I read a stat that 73% of millennials say they would be happy to pay more to shop sustainably, and you see so much in the way of online second-hand retailing among that generation…
I don’t think most people who shop second-hand do it for sustainability – I think they do it because digital platforms have made it more accessible, because it’s cheaper and it’s fun.
But yes, definitely attitudes are changing and more people are becoming aware and, as you read, more people are willing to pay the true cost of a garment. However, I also think there can be a disconnect between what people say they do and what they actually do.
You’ve always been a writer and now presenting takes up most of your time. Is the podcast your new number-one passion?
I would say that yes, but writers are storytellers and it doesn’t matter what medium you choose.
So what’s next?
Filmmaking. My project has been selected for development funding. I’m working with a female director and a female producer. I’m also working on another new project – a podcast for the UN’s Ethical Fashion Initiative. I’m producing, and I’m the co-presenter with Simone Cipriani.
When you started out in fashion journalism, did you see yourself one day presenting in front of a camera?
Not at all, it just evolved. If you want to change minds within your industry you can’t do that by being quiet and so I had to force myself to learn to be a public speaker.
So you think writing isn’t as effective?
Writing is very powerful! Books have changed my life many times over. But you have to go where the audience is.
Going forward is it more a matter of government regulation or consumer behaviour?
I think we have to be really careful of putting the onus too much on the consumer to drive all change. Mary Creagh, chair of the UK’s Environmental Audit Committee, once said fashion brands are currently “marking their own homework”. Of course we need regulation.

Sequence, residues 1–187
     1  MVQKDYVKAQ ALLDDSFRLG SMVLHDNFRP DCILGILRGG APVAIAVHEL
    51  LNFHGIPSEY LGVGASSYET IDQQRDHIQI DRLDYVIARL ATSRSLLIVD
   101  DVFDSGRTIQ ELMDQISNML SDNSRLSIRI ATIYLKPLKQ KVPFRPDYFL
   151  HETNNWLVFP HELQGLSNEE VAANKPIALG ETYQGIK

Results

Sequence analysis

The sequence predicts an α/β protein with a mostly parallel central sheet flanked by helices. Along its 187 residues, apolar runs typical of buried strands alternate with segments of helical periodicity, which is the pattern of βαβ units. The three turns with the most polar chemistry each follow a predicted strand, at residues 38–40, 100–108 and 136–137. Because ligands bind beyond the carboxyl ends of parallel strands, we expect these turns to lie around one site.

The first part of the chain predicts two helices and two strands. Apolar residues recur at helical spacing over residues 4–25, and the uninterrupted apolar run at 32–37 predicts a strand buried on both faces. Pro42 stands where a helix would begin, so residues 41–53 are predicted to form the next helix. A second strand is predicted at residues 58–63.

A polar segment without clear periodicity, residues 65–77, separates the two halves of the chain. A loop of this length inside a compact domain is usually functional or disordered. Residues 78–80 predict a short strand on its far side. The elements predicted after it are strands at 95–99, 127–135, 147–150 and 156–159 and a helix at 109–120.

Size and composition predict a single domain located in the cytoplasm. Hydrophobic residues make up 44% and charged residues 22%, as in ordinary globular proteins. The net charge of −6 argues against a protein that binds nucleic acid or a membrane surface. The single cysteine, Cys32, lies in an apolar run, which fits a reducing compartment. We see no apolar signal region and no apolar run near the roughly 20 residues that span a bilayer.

So what can consumers do?
Ocean plastics campaigner Emily Penn has just been on the podcast. She talks about how we, as consumers, need to metaphorically ‘turn off the tap’ of plastic pollution.
We do need to stop buying stuff covered in plastic packaging. STOP IT!
I know I said before that I don’t want to put the onus on consumers to totally change the system, but we do have agency. We can choose not to use a takeaway cup…
How do you manage when faced with such frustrations?
I think the hard line to walk is to have compassion for people’s different personal journeys and experiences while maintaining the rage that drives change. I’ve been trying to work on compassion – that’s the hard part.
And why they are restricted in making change, while I am in a privileged position to be able to focus on it all the time.
Do you ever get to the point where you want to break down and cry? It’s all just too overwhelming?
I mostly feel energised by all the people and projects out there making change, but I do have my moments of panic; I think we all do. The [Australian] fires made me cry. Coronavirus is very worrying. Loss of biodiversity freaks me out.
Do you think many people just don’t know where to start?
Environmental overwhelm is real but what we do as individuals matters.
We can lead by example, and others will follow by changing their habits, even just the small things like, ‘Oh they’ve got paper straws, so we should too’.
We can build momentum with small steps.
THREE FAVOURITE SUSTAINABLE LABELS
Outland Denim, Stella McCartney & Veja
THREE FAVOURITE THINGS
- Libraries – “I think that we underuse libraries. In New South Wales you can get any book on their database delivered to your local branch. And it’s free. Libraries change the world… yet all over the world, we’re in danger of losing them if people don’t use them! I think we forget they’re so full of wonder. The internet is fine, but books will never lose their power for me.”
- Reusable water bottles, bags, cups etc.
- Bulk food stores